Yes, what physicists see is many different forms of energy. To say their view is only matter is to be out of touch with the developments in physics for centuries. And yes they investigate the mathematical structure and equations which govern the different forms of energy – that is after all the essence of physics. But one of the things they discovered was that this is not a causally closed system, i.e. not all events are determined by pre-existing conditions (no hidden variables). But as for free will? This is not a subject to which physics can speak if they restrict themselves to the science of physics. This is a subject of philosophy. Part of the problem is the physics is mostly restricted to a time-ordered type of causality and free will requires causality outside such limitations.

Only thing you could be missing is that what he is speaking of is not physics at all but pseudo-scientific philosophy and theology.

I wouldn’t go that far! After all there is no free will in a novel but we wouldn’t say that the novel is meaningless. But perhaps the point is that it is only meaningful to the author and readers and not to the characters in the story, who are neither alive nor conscious.

I read lots of physics and philosophy books. I certainly get the feeling that most authors hold that we are bound by the laws of physics. Quantum theory doesn’t get one free will. Every quantum outcome has a probability of occurrence. The human isn’t the chooser of those outcomes, thus, free will doesn’t come from having a probabilitist gaussian distribution. Almost all of the modern philosophy books I have read have advocated a lack of free will. I don’t know of any polls which would answer the issue between us, but I deny your characterization of physicists and philosophers. If I could prove it I would, but I think you ought to try to prove your statement as well. Our feelings don’t solve the issue.

Natural laws are deterministic, but the human and other brains are not we learn from experience. We are not determined by experience. Just as Variation is random, but evolution is not, quantum particles act randomly in some respects, but matter is not chaotic.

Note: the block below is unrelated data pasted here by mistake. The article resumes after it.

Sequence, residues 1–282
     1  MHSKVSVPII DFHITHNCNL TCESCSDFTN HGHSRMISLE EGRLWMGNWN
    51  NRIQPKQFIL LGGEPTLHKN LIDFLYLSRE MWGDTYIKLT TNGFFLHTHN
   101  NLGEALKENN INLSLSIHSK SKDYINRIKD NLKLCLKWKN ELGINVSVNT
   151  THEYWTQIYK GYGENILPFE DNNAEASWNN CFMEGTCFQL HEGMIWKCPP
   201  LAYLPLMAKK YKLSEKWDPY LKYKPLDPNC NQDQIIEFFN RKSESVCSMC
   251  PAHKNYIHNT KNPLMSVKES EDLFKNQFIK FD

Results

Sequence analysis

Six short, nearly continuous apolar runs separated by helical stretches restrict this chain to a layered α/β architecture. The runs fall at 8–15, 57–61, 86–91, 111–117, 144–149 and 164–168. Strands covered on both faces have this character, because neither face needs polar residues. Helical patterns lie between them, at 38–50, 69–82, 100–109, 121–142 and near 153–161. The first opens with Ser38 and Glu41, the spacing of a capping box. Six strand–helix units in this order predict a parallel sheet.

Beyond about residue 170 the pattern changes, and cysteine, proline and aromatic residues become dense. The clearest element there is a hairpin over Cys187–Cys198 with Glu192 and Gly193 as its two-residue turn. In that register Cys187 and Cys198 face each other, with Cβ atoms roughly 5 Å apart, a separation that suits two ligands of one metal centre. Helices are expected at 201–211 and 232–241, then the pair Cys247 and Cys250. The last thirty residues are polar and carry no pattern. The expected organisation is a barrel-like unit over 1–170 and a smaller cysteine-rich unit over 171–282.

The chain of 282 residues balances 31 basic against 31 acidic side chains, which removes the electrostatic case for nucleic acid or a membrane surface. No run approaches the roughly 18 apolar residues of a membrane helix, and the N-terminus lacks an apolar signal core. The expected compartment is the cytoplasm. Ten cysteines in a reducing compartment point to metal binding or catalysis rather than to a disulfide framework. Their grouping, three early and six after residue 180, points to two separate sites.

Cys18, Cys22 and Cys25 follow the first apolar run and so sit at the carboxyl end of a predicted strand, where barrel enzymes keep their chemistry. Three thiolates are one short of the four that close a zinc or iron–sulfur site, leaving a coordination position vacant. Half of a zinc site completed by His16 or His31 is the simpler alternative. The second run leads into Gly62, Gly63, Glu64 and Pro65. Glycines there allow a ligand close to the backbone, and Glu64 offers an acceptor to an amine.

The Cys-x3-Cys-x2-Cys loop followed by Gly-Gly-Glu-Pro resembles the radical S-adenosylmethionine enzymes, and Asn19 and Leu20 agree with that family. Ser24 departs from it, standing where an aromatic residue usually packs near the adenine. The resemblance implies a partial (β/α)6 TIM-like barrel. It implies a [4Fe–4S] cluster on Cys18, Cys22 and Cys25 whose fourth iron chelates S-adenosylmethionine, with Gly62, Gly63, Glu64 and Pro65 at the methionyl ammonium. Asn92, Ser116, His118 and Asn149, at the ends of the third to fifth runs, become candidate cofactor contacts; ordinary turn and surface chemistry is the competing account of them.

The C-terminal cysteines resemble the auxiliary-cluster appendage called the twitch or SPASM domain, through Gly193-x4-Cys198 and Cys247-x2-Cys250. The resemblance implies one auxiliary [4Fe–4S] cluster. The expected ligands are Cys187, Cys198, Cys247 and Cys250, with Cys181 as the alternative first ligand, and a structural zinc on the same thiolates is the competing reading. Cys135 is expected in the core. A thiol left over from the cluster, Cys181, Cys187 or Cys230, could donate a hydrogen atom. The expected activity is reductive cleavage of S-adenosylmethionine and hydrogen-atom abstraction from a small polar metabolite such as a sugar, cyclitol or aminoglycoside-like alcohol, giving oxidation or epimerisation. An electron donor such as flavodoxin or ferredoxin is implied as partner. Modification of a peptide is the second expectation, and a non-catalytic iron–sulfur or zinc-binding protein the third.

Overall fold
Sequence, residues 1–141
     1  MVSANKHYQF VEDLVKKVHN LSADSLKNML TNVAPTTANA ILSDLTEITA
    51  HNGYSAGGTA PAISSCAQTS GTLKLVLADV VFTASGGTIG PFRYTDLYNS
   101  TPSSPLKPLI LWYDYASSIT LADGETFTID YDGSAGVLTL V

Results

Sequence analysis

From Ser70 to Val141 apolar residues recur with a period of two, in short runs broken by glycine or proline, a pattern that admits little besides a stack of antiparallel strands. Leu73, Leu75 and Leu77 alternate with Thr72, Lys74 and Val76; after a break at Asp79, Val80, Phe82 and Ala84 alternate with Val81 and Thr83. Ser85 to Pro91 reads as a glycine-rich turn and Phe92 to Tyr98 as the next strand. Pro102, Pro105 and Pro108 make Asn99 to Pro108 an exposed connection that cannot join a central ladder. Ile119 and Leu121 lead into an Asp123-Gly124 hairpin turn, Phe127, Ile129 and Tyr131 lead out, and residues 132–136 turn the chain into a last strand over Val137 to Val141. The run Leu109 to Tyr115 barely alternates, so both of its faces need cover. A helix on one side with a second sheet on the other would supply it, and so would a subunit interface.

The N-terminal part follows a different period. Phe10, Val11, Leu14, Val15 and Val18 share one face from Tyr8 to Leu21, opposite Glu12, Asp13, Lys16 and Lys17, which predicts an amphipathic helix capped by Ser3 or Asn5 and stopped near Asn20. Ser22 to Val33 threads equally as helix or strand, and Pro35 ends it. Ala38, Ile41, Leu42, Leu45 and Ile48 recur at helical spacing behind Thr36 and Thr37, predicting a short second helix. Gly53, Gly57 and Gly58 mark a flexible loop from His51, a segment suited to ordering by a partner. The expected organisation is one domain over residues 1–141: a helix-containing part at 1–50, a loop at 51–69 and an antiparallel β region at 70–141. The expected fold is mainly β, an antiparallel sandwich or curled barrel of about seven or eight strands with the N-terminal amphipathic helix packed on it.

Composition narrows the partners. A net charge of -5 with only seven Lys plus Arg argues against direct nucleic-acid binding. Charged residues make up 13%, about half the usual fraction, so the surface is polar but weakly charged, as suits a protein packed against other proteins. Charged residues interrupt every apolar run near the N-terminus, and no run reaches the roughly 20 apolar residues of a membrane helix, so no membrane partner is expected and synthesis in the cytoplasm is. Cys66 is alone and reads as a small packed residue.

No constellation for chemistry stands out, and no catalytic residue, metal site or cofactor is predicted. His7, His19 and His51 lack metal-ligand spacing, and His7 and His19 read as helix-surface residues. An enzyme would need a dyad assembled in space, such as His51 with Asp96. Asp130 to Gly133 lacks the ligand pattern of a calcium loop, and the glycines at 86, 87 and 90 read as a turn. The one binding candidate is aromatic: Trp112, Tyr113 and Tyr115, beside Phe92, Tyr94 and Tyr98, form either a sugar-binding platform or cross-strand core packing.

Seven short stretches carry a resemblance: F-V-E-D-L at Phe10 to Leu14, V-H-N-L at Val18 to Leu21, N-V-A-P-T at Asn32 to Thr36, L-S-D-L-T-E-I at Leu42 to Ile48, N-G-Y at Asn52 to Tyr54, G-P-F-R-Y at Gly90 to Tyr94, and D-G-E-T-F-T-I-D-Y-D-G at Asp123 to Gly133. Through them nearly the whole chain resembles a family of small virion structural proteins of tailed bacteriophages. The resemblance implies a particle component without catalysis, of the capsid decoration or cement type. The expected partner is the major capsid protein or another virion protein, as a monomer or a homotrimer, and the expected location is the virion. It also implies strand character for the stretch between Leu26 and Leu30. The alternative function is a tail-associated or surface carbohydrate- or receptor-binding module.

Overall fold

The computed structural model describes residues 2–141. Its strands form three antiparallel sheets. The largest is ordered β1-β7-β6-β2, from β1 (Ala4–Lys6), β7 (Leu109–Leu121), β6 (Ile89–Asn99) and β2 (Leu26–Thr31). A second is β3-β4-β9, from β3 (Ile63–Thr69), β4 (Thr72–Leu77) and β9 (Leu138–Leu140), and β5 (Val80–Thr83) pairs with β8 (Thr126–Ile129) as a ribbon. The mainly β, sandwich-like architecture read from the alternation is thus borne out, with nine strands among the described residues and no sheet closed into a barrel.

The Big Bang determined the shape of the universe, but does not determine how we think.

First off, I think we agree in the idea that we humans have free will. But materialism almost requires relinquishing free will. As Mitch notes in his post below,

“Part of the problem is the physics is mostly restricted to a time-ordered type of causality and free will requires causality outside such limitations”

Free will means a break in the laws of physics. It means causality outside of matter and the laws of physics. If you are a materialist, believing that matter and the laws of physics are all that exist, then thee is nothing outside of matter and this universe so free will doesn’t exist for them because there is no elsewhere.

A Nobel prize winner Gerard t’Hooft would strongly disagree with you that the Big Bang doesn’t tell us how to think. He believes is something called superdeterminism where by every result is already determined from the big bang forward. His article is not easy to read but here is a quote from it

"If we would have been deprived of the possibility to freely choose our initial states,
we would never be able to rely on our model; we would not know whether our model
makes sense at all. In short, we must demand that our model gives credible scenarios for a universe for any choice of the initial conditions!"

"This is the free will axiom in its modified form. form. This, we claim, is why one should
really want "free will’ to be there. It is not the free will to modify the present without
affecting the past, but it is the freedom to choose the initial state, regardless its past, to
check what would happen in the future. Gerard 't Hooft ON THE FREE-WILL POSTULATE IN QUANTUM MECHANICS https://arxiv.org/pdf/quant-ph/0701097.pdf, p.5,6

He talks about free will in a different way from what you would understand it, so be forewarned not to insert your definition of free will into this paper.

What I think you are missing is that the existence of the soul is proven by quantum. But it is not subject to quantum laws. It can’t be or it couldn’t collapse the wavelet. I can’t say what its characteristics are other than that its existence is proven by quantum. I just ran across an article today that clarifies maybe for you the necessity of the observer being outside of physics. I will follow it with a quote from a hilarious article refuting decoherence.

Then things get weirder still. According to the standard way of treating the quantum calculus, the act of making a measurement on the particle kills off all pieces of the wave function, except the one your instruments register. “The wave function is said to collapse as all the smeared-out, potential positions or velocities vanish in the act of measurement. It’s like the Schrödinger equation, which does such a great job of describing the smeared-out particle before the measurement is made, suddenly gets a pink slip.”